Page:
• 5 S RNA of Chironomus thummi larvae was purified from total phenol extracted RNA by gel filtration and labelled to about 10(7) dpm/mug with carrier-free iodine-125 [32].
  • Inequivalent conformational response of Chironomus hemoglobins to ligation with O2 and CO. A circular-dichrosim and infrared-spectroscopic study [33].
  • The development of allergen during metamorphosis of chironomids, Chironomus yoshimatsui and Tokunagayusurika akamusi, was studied by means of ELISA inhibition with pooled serum containing high titer of specific IgE to each adult midge [34].
  • Molecular cloning and characterization of tropomyosin, a major allergen of Chironomus kiiensis, a dominant species of nonbiting midges in Korea [35].

References

  1. The toxicity and bioavailability of atrazine and molinate to Chironomus tepperi larvae in laboratory and river water in the presence and absence of sediment. Phyu, Y.L., Warne, M.S., Lim, R.P. Chemosphere (2005) [Pubmed]
  2. Presence of histone H1 on an active Balbiani ring gene. Ericsson, C., Grossbach, U., Björkroth, B., Daneholt, B. Cell (1990) [Pubmed]
  3. Balbiani ring 6 gene in Chironomus tentans: a diverged member of the Balbiani ring gene family. Lendahl, U., Wieslander, L. Cell (1984) [Pubmed]
  4. A variant tandemly repeated nucleotide sequence in Balbiani ring 2 of Chironomus tentans. Case, S.T., Summers, R.L., Jones, A.G. Cell (1983) [Pubmed]
  5. Quantitation of turnover and export to the cytoplasm of hnRNA transcribed in the Balbiani rings. Egyházi, E. Cell (1976) [Pubmed]
  6. Three-dimensional structure of a specific pre-messenger RNP particle established by electron microscope tomography. Skoglund, U., Andersson, K., Strandberg, B., Daneholt, B. Nature (1986) [Pubmed]
  7. Chronic toxicity of cadmium to Chironomus riparius (Diptera: Chironomidae) at different food levels. Postma, J.F., Buckert-de Jong, M.C., Staats, N., Davids, C. Arch. Environ. Contam. Toxicol. (1994) [Pubmed]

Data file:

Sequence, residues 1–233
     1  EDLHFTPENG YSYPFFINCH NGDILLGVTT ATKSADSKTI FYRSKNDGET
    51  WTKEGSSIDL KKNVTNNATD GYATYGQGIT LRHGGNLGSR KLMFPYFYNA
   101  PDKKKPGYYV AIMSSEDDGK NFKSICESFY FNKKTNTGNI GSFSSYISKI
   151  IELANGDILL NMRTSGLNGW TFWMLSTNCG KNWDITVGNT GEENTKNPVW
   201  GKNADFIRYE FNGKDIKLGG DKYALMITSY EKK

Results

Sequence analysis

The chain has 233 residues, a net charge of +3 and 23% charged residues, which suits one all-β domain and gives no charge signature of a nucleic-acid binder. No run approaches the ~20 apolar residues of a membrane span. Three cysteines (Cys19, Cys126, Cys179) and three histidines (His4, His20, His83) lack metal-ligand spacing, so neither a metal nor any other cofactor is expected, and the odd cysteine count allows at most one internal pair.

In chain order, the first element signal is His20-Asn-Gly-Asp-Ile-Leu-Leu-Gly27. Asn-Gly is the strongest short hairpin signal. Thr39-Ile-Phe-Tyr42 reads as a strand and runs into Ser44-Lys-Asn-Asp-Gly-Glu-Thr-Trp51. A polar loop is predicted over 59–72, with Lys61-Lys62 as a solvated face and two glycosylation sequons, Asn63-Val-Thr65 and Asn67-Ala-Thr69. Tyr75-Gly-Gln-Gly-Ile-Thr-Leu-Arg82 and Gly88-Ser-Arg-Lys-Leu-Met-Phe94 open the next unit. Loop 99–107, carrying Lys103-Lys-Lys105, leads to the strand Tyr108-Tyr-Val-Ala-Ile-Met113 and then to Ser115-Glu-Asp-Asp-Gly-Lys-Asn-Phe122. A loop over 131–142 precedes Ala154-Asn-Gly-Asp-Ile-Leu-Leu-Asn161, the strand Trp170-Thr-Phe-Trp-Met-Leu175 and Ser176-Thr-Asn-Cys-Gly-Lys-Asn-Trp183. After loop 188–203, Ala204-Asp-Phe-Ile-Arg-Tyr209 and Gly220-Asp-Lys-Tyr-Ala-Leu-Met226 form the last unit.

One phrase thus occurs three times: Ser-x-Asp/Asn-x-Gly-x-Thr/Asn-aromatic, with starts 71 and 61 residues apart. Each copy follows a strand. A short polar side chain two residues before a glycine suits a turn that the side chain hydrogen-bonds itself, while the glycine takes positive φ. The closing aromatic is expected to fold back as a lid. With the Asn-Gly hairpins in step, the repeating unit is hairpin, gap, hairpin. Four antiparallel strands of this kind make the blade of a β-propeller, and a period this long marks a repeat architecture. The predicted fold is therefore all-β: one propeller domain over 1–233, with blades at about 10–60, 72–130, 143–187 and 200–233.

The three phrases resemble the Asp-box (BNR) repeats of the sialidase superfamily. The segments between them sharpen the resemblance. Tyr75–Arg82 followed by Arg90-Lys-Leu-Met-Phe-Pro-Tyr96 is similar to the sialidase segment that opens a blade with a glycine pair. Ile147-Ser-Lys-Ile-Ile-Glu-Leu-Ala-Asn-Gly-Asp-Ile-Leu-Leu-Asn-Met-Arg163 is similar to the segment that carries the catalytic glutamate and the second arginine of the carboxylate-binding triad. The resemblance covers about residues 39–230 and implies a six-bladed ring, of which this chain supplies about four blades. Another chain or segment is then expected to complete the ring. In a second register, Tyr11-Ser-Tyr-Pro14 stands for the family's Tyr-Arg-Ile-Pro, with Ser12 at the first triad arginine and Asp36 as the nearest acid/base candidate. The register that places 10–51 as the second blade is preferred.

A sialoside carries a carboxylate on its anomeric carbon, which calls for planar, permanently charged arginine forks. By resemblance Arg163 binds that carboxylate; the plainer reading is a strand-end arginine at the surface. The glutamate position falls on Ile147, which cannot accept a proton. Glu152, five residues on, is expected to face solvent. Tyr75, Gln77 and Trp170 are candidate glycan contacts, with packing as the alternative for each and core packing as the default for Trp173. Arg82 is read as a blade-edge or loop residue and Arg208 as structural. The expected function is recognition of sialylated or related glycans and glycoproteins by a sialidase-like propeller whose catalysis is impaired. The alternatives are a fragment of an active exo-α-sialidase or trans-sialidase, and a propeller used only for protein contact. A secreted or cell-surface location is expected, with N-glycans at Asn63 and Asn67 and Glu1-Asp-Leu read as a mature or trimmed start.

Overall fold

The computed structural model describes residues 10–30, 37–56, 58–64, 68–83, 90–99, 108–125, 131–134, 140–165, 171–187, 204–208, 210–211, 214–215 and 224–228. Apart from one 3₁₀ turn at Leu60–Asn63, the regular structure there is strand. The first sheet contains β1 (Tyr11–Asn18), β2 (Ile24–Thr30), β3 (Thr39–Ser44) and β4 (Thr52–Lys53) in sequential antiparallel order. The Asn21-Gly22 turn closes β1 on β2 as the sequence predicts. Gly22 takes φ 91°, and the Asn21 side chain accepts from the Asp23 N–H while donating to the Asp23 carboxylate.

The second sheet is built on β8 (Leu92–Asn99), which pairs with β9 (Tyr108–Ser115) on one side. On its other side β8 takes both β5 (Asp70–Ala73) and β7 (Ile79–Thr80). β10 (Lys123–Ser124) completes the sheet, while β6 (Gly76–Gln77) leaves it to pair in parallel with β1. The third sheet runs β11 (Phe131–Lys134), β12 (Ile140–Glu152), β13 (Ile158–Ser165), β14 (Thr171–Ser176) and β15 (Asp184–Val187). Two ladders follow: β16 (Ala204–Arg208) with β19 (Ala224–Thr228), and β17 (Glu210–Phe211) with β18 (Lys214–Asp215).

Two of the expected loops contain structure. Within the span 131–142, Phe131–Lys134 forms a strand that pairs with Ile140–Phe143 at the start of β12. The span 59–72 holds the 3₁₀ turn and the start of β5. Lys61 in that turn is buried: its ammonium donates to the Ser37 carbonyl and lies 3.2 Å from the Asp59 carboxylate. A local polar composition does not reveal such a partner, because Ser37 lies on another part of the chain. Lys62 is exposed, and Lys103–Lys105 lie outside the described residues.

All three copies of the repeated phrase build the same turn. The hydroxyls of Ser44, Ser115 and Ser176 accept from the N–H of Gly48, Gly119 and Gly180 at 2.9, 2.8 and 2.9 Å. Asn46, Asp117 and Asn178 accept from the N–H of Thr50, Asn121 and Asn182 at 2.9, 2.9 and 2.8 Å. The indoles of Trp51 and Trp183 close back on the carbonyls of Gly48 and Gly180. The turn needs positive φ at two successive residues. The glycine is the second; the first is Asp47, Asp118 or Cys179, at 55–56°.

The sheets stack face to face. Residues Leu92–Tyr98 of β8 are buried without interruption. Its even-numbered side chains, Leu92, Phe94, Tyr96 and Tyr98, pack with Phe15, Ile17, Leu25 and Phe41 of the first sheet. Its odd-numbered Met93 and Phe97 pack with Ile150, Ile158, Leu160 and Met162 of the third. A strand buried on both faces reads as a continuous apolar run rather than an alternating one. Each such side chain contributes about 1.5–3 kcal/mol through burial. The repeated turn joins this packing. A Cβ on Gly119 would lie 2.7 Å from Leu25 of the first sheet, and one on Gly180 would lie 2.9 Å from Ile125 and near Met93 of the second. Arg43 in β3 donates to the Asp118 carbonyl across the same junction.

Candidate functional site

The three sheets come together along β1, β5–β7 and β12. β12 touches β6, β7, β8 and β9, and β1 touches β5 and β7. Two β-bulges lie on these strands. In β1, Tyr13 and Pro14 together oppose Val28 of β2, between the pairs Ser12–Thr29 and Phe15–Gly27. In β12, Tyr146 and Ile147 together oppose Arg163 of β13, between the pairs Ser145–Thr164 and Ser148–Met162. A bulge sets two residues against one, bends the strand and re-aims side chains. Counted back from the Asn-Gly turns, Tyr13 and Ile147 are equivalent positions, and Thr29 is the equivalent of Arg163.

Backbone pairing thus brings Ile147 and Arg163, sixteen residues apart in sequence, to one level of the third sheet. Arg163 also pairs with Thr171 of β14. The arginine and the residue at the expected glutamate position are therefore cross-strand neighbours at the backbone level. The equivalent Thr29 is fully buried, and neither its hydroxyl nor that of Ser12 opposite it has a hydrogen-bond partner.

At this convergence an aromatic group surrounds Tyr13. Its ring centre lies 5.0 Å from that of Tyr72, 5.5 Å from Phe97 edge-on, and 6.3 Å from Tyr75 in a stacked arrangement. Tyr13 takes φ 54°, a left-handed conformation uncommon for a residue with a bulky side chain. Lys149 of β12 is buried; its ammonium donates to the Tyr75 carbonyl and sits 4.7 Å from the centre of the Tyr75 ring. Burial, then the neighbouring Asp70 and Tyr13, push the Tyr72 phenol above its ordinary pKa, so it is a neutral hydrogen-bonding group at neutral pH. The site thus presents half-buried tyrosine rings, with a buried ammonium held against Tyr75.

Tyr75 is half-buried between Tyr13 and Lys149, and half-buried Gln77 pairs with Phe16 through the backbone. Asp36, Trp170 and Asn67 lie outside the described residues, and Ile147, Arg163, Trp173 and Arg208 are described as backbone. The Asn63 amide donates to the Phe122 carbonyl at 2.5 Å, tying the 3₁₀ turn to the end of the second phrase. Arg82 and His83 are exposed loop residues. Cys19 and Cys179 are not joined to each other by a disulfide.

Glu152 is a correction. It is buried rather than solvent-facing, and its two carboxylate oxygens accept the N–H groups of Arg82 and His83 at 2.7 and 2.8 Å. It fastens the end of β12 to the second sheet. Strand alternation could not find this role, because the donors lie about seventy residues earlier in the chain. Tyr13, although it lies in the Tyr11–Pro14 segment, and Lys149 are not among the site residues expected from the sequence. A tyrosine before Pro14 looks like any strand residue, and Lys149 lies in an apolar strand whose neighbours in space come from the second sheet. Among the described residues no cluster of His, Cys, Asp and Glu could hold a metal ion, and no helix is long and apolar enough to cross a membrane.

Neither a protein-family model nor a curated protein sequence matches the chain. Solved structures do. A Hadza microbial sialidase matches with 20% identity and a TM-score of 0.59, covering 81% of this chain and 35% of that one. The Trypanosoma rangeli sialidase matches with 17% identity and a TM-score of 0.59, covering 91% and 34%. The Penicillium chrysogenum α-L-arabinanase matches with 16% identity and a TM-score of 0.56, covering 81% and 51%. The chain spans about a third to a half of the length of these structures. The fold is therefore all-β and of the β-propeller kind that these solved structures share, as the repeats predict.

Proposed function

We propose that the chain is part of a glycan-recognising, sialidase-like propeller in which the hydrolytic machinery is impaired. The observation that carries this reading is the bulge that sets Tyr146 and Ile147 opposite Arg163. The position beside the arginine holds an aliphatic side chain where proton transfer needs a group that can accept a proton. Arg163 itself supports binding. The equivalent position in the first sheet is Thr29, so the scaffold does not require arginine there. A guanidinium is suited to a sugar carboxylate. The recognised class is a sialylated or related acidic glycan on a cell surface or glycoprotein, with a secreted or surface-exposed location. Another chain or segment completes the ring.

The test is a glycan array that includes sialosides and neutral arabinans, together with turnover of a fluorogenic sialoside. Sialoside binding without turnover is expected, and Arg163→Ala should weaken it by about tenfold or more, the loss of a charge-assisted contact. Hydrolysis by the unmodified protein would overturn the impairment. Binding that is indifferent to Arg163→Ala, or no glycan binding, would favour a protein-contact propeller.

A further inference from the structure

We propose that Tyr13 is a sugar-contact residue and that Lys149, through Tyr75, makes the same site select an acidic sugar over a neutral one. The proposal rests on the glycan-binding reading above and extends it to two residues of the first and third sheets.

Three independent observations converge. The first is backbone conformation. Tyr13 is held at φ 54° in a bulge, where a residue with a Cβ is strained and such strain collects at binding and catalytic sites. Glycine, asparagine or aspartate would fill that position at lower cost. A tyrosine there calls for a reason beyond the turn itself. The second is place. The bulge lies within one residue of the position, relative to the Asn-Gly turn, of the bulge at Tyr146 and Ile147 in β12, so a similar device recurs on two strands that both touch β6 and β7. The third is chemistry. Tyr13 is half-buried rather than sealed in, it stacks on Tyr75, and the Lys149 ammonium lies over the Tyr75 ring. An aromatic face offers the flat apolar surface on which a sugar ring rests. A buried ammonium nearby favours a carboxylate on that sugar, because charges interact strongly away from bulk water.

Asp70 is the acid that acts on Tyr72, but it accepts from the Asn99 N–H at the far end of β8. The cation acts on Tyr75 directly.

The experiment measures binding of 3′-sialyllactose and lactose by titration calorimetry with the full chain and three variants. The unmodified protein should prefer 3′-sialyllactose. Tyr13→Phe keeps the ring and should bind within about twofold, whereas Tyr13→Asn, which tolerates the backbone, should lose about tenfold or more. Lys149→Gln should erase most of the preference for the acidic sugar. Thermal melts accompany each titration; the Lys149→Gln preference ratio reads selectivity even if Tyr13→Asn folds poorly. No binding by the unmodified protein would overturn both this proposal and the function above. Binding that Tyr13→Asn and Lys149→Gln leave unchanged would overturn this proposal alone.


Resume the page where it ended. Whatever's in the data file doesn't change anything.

8. The fate, distribution, and toxicity of lindane in tests with Chironomus riparius: effects of bioturbation and sediment organic matter content. Goedkoop, W., Peterson, M. Environ. Toxicol. Chem. (2003) [Pubmed]
  9. Joint toxicity of chlorpyrifos and esfenvalerate to fathead minnows and midge larvae. Belden, J.B., Lydy, M.J. Environ. Toxicol. Chem. (2006) [Pubmed]
  10. Effects of hardness, chloride, and acclimation on the acute toxicity of sulfate to freshwater invertebrates. Soucek, D.J., Kennedy, A.J. Environ. Toxicol. Chem. (2005) [Pubmed]
  11. Toxicity of 4-nonylphenol to Tubifex tubifex and Chironomus riparius in 28-day whole-sediment tests. Bettinetti, R., Provini, A. Ecotoxicol. Environ. Saf. (2002) [Pubmed]
  12. Hrp59, an hnRNP M protein in Chironomus and Drosophila, binds to exonic splicing enhancers and is required for expression of a subset of mRNAs. Kiesler, E., Hase, M.E., Brodin, D., Visa, N. J. Cell Biol. (2005) [Pubmed]
  13. Kinetic analysis of uptake and phosphorylation of 5,6-dichlororibofuranosylbenzimidazole (DRB) by salivary gland cells of Chironomus tentans. Egyházi, E., Ossoinak, A., Holst, M., Rosendahl, K., Tayip, U. J. Biol. Chem. (1980) [Pubmed]
  14. DNA replications in Chironomus polytene chromosomes during treatment with ethanol. Lönn, U. J. Cell. Sci. (1981) [Pubmed]
  15. A p50-like Y-box protein with a putative translational role becomes associated with pre-mRNA concomitant with transcription. Soop, T., Nashchekin, D., Zhao, J., Sun, X., Alzhanova-Ericsson, A.T., Björkroth, B., Ovchinnikov, L., Daneholt, B. J. Cell. Sci. (2003) [Pubmed]
  16. Site-specific insertion of a SINE-like element, Cp1, into centromeric tandem repeats from Chironomus pallidivittatus. Liao, C., Rovira, C., He, H., Edström, J.E. J. Mol. Biol. (1998) [Pubmed]
  17. The mRNA export factor Dbp5 is associated with Balbiani ring mRNP from gene to cytoplasm. Zhao, J., Jin, S.B., Björkroth, B., Wieslander, L., Daneholt, B. EMBO J. (2002) [Pubmed]